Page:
On factory farms, turkeys are kept for months in sheds where they’re packed so tightly that flapping a wing or stretching a leg is nearly impossible. They stand in waste, and urine and ammonia fumes burn their eyes and lungs. At the slaughterhouse, turkeys often have their throats slit while hanging upside down and still conscious. Those who miss the automated knife are scalded to death in the defeathering tank. Watch this horrifying cartoon that depicts a turkey’s last moments in the slaughterhouse:
8. Foul Farming
Anyone who has driven by a farm has probably smelled it first from a mile away. Turkeys and other animals raised for food in the U.S. produce far more excrement than the entire U.S. human population, roughly 89,000 pounds per second, all without the benefit of waste-treatment systems. There are no meaningful federal guidelines to regulate how farms treat, store, and dispose of the trillions of pounds of concentrated animal excrement they produce each year. Learn more about how factory farming damages the environment.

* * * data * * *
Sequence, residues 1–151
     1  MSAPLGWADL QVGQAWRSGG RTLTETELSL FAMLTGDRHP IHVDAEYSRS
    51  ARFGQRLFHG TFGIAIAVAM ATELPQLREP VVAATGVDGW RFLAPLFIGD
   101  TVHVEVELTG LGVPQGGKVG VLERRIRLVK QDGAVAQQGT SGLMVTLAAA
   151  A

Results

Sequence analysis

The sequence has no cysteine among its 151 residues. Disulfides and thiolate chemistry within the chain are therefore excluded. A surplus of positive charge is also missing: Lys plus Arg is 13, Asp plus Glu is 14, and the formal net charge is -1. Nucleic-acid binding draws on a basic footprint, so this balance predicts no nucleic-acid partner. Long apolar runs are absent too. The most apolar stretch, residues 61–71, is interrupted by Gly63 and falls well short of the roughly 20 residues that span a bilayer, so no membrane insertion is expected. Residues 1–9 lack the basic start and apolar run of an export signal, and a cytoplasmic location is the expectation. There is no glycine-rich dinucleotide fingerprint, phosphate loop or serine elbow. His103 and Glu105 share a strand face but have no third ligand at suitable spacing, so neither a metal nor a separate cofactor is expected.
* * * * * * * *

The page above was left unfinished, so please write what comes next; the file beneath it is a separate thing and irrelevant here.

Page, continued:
9. Dismal Working Conditions
Killing animals is inherently dangerous work, and the fast line speeds, the dirty and slippery killing floors, and the lack of employee training make animal-processing plants some of the most dangerous places to work in America today. The industry has refused to slow down the lines or buy appropriate safety gear because these changes could cut into companies’ bottom lines. In its 185-page exposé on worker exploitation by the farmed-animal industry, “Blood, Sweat, and Fear: Workers’ Rights in U.S. Meat and Poultry Plants,” Human Rights Watch explains: “These are not occasional lapses by employers paying insufficient attention to modern human resources management policies. These are systematic human rights violations embedded in meat and poultry industry employment.
10. A Cornucopia of Turkey Alternatives
Give up the giblets and carve out a new tradition this Thanksgiving. We suggest cooking a Tofurky Roast, a savory soy- and wheat-based roast with stuffing and gravy, or one of the plethora of roasts and “meat” loaves that Field Roast has to offer. Give animals and yourself something to be really thankful for this year, and Happy Thanksgiving!